>> mixed feelings about the 'organizer' in PSE3, but you don't HAVE to
>> ever see it if you don't want to use it.
>
>
> Thanks, I am aware that I don't need to use the organizing features and
> I suspect that I won't. As I said, I never had Elements 2 but, AFAIK, I
> have all of its editing features in version 3. I've never been very
> enthusiastic about blind automation but the "Quick Fix" often does a
> very satisfactory job and I like the "healing brush" and "selection
> brush" which I believe are also in Elements 2. Overall, I do agree that
> it is worthwhile upgrading from Elements 1 and, since I decided to get
> it early, I was able to buy Elements 3 for $50 with rebates. Strangely
> enough, at that time, the best price I could find for Elements 2 was
> more than I eventually paid for the later version.

The 'healing brush' is NOT in PSE2, and is one of the reasons I bought
the new program. Another is the ability to make individual images from
scans of multiple pictures.

>
> I still have not brought myself to remove Elements 1 but I suspect that
> may be because I am familiar with it not because of its loading speed. I
> wonder if increasing my memory from 256 MB would be helpful? I don't
> intend to upgrade from my 1.5 GHz cpu in the near future.
>
>

Yes, more memory is the cheapest thing you can add for increased
performance from any computer. I also have retained the old (PSE2)
version on my HD, but haven't loaded it since installing PSE3. Note
that if you uninstall an older version after installing PSE3, you MAY
have to reinstall PSE3 as the Adobe Gamma program gets uninstalled.



--
Ron Hunter rphunter@charter.net
February 24, 2005 1:32:22 PM

Archived from groups: rec.photo.digital (More info?)

since you already have both - could you not read the manuals or perhaps load
them both up and have a look at them.

preference is a personal thing. i personally like photoshop cs, and as such
would choose elements 2 or 3 if i had to work without pscs

Rich

www.digitalmood.co.uk


<les@eudoramail.com> wrote in message
news:1109189196.706917.31740@z14g2000cwz.googlegroups.com...
> My son has Photoshop Elements versions 1 and 2 (each came with a
> different camera purchase). Would someone please explain the
> differences between these versions?
> It would help in deciding which one to use (and no, the later version
> isn't necessarily the better version).
> Thanks for your help.
>
February 24, 2005 2:32:44 PM

Archived from groups: rec.photo.digital (More info?)

One of the best additions in v3 over v2 is the shadows/hilight
adjustment tool. Not as fully featured as in Photoshop CS but for
home use is a real benefit.


>
>
><les@eudoramail.com> wrote in message
>news:1109189196.706917.31740@z14g2000cwz.googlegroups.com...
>> My son has Photoshop Elements versions 1 and 2 (each came with a
>> different camera purchase). Would someone please explain the
>> differences between these versions?
>> It would help in deciding which one to use (and no, the later version
>> isn't necessarily the better version).
>> Thanks for your help.
>>
>

Peter
Anonymous
February 24, 2005 5:23:21 PM

Archived from groups: rec.photo.digital (More info?)

Rich <me@here.com> wrote:
> since you already have both - could you not read the manuals or perhaps load
> them both up and have a look at them.
>
> preference is a personal thing. i personally like photoshop cs, and as such
> would choose elements 2 or 3 if i had to work without pscs
>

I've had Elements 2 and Elements 3.

Elements 2 is a very good basic photo manipulation package - *most* of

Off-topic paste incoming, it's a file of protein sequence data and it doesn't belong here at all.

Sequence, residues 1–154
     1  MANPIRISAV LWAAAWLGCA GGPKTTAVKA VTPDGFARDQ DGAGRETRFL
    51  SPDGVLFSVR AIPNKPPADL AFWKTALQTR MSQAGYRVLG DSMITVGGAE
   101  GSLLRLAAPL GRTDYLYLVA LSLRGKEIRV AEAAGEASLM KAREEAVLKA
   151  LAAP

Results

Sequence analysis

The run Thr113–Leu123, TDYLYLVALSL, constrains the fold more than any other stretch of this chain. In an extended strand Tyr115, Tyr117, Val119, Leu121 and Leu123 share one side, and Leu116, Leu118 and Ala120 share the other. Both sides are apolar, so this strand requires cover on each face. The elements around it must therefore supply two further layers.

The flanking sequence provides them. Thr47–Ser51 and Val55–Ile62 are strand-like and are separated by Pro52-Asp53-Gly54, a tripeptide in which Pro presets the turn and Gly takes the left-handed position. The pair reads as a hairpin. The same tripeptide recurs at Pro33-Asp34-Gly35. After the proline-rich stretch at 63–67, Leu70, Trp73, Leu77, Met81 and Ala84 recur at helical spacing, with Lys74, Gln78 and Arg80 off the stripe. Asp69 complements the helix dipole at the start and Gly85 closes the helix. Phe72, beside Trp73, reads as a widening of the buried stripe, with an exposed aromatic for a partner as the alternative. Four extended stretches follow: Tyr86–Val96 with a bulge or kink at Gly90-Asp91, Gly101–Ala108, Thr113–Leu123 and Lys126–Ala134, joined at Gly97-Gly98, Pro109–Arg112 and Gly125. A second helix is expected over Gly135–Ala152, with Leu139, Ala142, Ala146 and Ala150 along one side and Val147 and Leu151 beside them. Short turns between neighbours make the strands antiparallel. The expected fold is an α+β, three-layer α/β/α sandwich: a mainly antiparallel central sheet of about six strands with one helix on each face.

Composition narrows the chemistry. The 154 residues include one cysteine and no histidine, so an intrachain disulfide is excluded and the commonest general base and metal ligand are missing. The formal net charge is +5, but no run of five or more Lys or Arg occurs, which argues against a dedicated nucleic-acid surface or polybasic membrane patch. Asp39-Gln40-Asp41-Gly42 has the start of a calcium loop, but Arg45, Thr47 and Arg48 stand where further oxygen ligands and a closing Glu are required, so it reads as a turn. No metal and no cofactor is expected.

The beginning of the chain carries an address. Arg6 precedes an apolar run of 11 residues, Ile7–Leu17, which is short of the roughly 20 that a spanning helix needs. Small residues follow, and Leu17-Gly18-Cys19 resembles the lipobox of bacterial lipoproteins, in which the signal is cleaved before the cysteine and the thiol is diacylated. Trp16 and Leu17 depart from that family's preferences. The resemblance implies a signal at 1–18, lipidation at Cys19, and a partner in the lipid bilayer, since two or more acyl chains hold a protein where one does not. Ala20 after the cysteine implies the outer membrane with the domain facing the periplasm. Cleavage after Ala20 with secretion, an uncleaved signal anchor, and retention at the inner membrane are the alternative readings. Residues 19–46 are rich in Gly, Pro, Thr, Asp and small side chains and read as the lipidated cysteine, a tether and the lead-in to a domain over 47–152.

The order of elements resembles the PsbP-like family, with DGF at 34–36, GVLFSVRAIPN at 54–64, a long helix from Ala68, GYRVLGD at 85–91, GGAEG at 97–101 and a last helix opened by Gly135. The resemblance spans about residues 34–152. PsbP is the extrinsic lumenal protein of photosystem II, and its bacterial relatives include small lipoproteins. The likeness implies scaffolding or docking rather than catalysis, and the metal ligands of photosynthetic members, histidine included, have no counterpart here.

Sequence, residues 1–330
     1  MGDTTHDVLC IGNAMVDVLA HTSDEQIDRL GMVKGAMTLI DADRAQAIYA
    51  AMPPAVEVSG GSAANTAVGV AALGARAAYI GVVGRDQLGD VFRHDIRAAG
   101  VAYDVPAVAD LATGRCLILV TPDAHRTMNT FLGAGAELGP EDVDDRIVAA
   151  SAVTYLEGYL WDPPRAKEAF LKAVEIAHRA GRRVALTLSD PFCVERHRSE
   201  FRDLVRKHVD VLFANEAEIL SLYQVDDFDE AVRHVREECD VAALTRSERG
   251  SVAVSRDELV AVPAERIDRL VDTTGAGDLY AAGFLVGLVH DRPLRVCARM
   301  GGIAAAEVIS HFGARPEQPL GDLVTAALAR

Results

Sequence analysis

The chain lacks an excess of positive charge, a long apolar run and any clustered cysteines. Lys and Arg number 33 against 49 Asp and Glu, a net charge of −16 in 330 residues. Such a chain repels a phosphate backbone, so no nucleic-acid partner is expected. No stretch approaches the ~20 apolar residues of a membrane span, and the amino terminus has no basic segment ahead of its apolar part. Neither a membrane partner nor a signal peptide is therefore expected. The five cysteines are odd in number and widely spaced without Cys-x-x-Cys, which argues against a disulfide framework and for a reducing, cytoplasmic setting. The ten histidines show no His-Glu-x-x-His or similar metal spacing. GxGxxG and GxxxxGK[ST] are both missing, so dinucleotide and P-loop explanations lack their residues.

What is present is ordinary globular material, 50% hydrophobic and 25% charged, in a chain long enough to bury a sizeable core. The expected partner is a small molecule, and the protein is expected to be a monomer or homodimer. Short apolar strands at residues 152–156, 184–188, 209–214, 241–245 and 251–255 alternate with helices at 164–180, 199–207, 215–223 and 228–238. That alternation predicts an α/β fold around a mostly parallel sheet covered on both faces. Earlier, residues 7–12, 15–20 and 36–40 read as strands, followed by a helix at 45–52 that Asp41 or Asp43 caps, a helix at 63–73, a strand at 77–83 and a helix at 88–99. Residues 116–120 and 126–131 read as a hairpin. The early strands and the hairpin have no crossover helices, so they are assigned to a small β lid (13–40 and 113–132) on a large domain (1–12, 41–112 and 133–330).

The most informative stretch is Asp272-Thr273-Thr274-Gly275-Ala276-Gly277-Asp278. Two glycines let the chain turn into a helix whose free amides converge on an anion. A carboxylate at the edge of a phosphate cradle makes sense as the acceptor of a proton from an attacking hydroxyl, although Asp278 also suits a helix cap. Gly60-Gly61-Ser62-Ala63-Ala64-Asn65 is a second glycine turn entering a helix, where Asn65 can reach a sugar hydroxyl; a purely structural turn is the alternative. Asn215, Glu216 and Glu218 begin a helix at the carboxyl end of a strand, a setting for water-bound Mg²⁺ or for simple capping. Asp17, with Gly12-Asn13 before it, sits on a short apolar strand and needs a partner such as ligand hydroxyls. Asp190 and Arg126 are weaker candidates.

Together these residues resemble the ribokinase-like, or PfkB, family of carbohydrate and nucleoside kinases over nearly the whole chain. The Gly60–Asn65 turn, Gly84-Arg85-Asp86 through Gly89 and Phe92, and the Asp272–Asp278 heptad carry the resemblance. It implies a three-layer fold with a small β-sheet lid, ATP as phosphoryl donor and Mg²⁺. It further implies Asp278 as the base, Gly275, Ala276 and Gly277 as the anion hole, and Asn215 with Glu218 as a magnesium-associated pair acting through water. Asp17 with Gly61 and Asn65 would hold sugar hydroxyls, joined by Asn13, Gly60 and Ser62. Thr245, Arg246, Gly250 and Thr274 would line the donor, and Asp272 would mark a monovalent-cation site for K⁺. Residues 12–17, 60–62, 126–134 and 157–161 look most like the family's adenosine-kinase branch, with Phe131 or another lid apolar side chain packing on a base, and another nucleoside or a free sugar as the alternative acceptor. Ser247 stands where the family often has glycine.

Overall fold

the underlying power of "real" Photoshop in a form mortals can use
easily.

Elements 3 adds a lot of sophistication in the area of image management,
and picks up a new (less Windows-like, more Mac-ish) interface and a few
more features from the bigger products in the range. For some people the
addition of the healing brush is probably sufficient to justify 3 on its
own. Elements 3 also makes a better stab at Quick Fixing images
than 2, but there's still no real substitute for going in and doing it
by hand!

Elements 3 is also considerably slower to start up than Elements 2; I
used to have Elements 2 as my default application for JPG and GIF under
Windows, now I just use Irfanview by default to view and open things
explicitly in Elements 3 for editing.

pete
--
pete@fenelon.com "Send lawyers, guns and money...."
Anonymous
February 24, 2005 5:23:22 PM

Archived from groups: rec.photo.digital (More info?)

Pete Fenelon wrote:
> Rich <me@here.com> wrote:
>
>>since you already have both - could you not read the manuals or perhaps load
>>them both up and have a look at them.
>>
>>preference is a personal thing. i personally like photoshop cs, and as such
>>would choose elements 2 or 3 if i had to work without pscs
>>
>
>
> I've had Elements 2 and Elements 3.
>
> Elements 2 is a very good basic photo manipulation package - *most* of
> the underlying power of "real" Photoshop in a form mortals can use
> easily.
>
> Elements 3 adds a lot of sophistication in the area of image management,
> and picks up a new (less Windows-like, more Mac-ish) interface and a few
> more features from the bigger products in the range. For some people the
> addition of the healing brush is probably sufficient to justify 3 on its
> own. Elements 3 also makes a better stab at Quick Fixing images
> than 2, but there's still no real substitute for going in and doing it
> by hand!
>
> Elements 3 is also considerably slower to start up than Elements 2; I
> used to have Elements 2 as my default application for JPG and GIF under
> Windows, now I just use Irfanview by default to view and open things
> explicitly in Elements 3 for editing.
>
> pete
> --
> pete@fenelon.com "Send lawyers, guns and money...."


PSE3 is a lousy program for viewing pictures. It takes too long to
load, and doesn't have as much flexibility as Irfanview, or VJpegger.
Either of these last two can be fit on a floppy disk for easy
portability. PSE3 is a great editor with 90% of the editing ability of
PS CS for 1/10 the price. It has the best 'autofix' feature of any
program I have seen, but even it sometimes doesn't make a picture better.



--
Ron Hunter rphunter@charter.net
Anonymous
February 24, 2005 10:26:11 PM

Archived from groups: rec.photo.digital (More info?)

Ron Hunter <rphunter@charter.net> wrote:
> PSE3 is a lousy program for viewing pictures. It takes too long to
> load, and doesn't have as much flexibility as Irfanview, or VJpegger.
> Either of these last two can be fit on a floppy disk for easy
> portability. PSE3 is a great editor with 90% of the editing ability of
> PS CS for 1/10 the price. It has the best 'autofix' feature of any
> program I have seen, but even it sometimes doesn't make a picture better.

Exactly - pretty much restated my case! If you're not willing to put any
effort in and just want to automatically fix images, PSE3 will do a far
better job than PSE2. But if you're prepared to learn the subtleties,
PSE3 approaches the power of "real" Photoshop -- the main thing you lose
out on is flexibility of output, but if you're using Elements the odds
are you're generating stuff for either screen or inkjet output anyway
rather than doing professional "camera-ready" pre-press stuff.

pete
--
pete@fenelon.com "Send lawyers, guns and money...."
!